Opinion: Attending college is worth the cost

College tuition prices have been rising for years, yet people continue to attend them. Is this the societal pressure saying without a college degree you won’t go anywhere? Or does college actually have benefits that allow people to improve their lives after graduating? I believe college is worth it, though it might be a bit rocky in the beginning.

Take a look at employment rates of those who only completed high school compared to those who have some level of college education. During 2014, students who only completed high school had an unemployment rate of 17.5 percent, according to The National Center for Education Statistics. Students who had some level of college education had a 12.2 percent unemployment rate, and those with a bachelor’s degree had a 7 percent rate, according to The National Center for Education Statistics. This shows the benefits of attending college for some period of time. For the students who decide to continue and receive their bachelor’s degree, there is a more than 10 percent decrease in unemployment rates, according to the same source.

While I admit not all these jobs are in those students’ chosen fields, it is a job nonetheless, and thus they can start to reap the benefits of their college education.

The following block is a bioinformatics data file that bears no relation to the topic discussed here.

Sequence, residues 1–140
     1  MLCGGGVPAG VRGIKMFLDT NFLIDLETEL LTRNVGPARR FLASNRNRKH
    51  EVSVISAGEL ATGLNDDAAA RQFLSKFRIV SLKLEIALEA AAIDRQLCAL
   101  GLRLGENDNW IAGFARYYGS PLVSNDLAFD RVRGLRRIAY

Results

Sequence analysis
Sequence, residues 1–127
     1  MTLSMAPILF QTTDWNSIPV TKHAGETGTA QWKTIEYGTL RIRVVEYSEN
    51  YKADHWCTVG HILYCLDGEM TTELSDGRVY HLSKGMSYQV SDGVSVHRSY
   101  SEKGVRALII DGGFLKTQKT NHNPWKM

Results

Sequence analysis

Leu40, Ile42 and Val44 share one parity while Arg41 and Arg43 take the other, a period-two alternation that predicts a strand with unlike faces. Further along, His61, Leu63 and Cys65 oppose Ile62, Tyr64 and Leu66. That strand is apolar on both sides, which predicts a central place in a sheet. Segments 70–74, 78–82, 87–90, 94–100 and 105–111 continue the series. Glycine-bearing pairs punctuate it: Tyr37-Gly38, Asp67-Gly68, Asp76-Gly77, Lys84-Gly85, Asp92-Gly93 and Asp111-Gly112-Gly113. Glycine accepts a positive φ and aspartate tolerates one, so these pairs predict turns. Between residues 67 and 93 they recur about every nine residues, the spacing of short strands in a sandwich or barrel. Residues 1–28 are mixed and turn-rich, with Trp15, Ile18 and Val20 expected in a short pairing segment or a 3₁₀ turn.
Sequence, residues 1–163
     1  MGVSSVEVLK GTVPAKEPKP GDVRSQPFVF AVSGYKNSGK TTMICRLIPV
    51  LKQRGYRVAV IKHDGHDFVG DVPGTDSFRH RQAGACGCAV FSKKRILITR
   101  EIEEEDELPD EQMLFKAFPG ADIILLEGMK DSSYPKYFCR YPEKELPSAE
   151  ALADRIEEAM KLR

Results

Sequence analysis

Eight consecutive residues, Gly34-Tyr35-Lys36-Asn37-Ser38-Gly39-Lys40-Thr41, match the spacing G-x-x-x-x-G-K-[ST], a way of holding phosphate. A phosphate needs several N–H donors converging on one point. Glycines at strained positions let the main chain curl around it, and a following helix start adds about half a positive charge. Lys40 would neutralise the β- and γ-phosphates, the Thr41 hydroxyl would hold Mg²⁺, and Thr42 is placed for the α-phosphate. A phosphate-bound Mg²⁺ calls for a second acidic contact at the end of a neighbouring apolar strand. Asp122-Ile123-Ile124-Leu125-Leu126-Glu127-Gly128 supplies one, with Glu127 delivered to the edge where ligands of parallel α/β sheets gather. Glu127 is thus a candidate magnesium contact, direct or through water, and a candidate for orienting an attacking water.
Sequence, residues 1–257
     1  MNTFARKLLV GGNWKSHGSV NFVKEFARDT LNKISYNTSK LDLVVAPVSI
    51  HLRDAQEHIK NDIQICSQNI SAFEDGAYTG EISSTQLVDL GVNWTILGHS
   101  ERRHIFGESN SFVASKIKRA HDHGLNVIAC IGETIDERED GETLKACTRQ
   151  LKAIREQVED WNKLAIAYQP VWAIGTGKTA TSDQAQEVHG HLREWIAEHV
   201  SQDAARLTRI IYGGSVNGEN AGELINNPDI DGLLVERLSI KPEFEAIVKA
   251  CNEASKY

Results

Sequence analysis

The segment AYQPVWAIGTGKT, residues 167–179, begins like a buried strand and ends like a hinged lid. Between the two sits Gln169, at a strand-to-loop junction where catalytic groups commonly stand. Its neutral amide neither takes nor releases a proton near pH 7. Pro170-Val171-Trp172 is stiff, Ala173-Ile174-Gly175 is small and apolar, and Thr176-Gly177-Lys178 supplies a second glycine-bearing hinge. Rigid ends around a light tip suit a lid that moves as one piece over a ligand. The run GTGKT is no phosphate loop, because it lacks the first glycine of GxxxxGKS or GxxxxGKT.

When looking at the actual money people with college degrees earn, the statistics are unsurprising. Students with only a high school diploma earned an average of $30,000 a year, those with an associate’s degrees earned $37,000 on average and those with a bachelor’s degree earned an average of $45,000, according to the U.S. Department of Commerce. The numbers only increase the higher the degree a person receives. Not only are people obtaining better employment opportunities the more college experience they have, but they also are making more money on average than those who only completed high school or less.

Next, take a look at one of the biggest downsides to college — student debt. During 2014, seven out of 10 graduating seniors from public or non-profit colleges were more than $28,950 in debt per student, according to the Institute for College Access and Success. This is quite a bit of money to pay off, especially for someone who just spent at least four years cramming for tests. When you compare this to the employment and income numbers above, one can see in the long run this debt will be paid, and students who went to college will continue to make more money than those who did not. This is why in the beginning, college might seem not worth a person’s time, but looking past the short term, college will end up paying for itself.

I am not saying everyone should go to college. Instead, I am advocating attendance for those students who are on the fence about attending college simply because of scary numbers of student debt. In the end, it will all be worth it.